In simpler terms, the creditor merely needs to show they didn’t have actual notice of administration of the estate.  Seems like a simple requirement to satisfy, right?  Well, in the immortal words of Lee Corso: “Not so fast my friend!”

Late Creditor Claims interpreted by the Nevada Supreme Court

Let’s return to our two Wilbur Clark Nevada Supreme Court cases.

In Gardner Hotel the Nevada Supreme Court considered two late creditor claims filed against Clark’s estate.   Prior to his death, Wilbur Clark personally gauranteed a contract between a  hotel he owned and Gardner Hotel Supply.   The contract included a clause that explicitly stated the obligations of the contract survived the death of Clark.  Recall that the last day to file claims against Clark’s estate was December 17, 1965.

From Gardner Hotel:

On April 12, 1966 Gardner [Hotel Supply] filed a motion for leave to file a creditor’s claim in the amount of $ 13,157.26. In support of said motion, Gardner presented the affidavit of Lipkin, copies of the conditional sales agreement, the guaranty contract and various assignments and reassignments. In his affidavit, Lipkin stated that he first became aware of the notice to creditors on March 25, 1966 through his attorney, who had been sent to Las Vegas sometime in March. The motion to file the claim was denied.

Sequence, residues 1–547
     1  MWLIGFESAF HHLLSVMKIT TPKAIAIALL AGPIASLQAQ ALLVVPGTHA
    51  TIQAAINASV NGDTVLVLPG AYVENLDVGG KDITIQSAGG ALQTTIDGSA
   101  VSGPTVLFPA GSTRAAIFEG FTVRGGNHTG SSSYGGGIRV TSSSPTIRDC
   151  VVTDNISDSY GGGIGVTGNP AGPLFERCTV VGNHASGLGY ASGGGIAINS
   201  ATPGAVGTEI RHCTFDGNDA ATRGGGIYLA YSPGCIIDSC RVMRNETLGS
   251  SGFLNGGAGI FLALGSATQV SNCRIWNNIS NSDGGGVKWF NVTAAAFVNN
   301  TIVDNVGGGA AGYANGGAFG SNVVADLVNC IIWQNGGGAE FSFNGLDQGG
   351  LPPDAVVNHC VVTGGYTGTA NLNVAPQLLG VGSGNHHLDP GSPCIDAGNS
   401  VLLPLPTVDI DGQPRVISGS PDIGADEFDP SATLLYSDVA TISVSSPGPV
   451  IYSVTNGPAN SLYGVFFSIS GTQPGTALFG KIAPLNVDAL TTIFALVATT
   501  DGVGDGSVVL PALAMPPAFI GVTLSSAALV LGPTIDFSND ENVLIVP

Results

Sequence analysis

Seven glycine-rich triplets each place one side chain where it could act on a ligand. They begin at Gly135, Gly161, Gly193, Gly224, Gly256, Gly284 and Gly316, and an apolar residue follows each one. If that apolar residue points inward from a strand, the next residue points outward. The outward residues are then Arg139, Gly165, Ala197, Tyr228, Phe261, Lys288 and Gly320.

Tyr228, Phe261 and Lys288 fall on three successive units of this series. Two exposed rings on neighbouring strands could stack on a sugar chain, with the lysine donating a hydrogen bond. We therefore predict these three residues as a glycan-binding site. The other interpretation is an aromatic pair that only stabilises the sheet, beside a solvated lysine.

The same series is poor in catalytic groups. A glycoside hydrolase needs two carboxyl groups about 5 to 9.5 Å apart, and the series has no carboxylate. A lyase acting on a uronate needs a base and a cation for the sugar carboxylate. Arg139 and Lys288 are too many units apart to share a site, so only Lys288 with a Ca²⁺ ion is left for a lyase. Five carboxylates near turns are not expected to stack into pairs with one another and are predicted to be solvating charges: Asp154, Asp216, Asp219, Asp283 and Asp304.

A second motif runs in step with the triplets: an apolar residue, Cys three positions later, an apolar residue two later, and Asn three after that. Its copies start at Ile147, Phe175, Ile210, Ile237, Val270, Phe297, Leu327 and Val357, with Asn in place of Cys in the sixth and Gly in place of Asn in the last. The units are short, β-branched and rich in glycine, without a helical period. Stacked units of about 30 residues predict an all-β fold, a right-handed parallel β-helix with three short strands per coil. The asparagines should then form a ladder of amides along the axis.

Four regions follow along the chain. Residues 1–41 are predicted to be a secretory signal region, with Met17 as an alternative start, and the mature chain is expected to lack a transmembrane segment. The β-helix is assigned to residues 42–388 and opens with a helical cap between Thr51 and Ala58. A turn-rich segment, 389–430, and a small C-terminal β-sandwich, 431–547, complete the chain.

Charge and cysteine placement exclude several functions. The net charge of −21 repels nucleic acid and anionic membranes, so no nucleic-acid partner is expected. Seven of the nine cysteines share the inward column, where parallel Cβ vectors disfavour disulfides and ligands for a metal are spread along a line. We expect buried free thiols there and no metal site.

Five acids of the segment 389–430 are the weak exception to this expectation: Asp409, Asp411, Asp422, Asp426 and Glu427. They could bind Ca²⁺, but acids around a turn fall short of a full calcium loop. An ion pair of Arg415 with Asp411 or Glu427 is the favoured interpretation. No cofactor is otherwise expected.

Obviously, Gardner Hotel Supply appealed the decision to the Nevada Supreme Court.  The second late creditor claim addressed in Gardner Hotel was filed by Southern National Bank of Houston for a $300,000.00 loan made to Clark for two hotel projects.   The bank officers, like those from Gardner Supply Company, claimed to have no notice of the creditor period: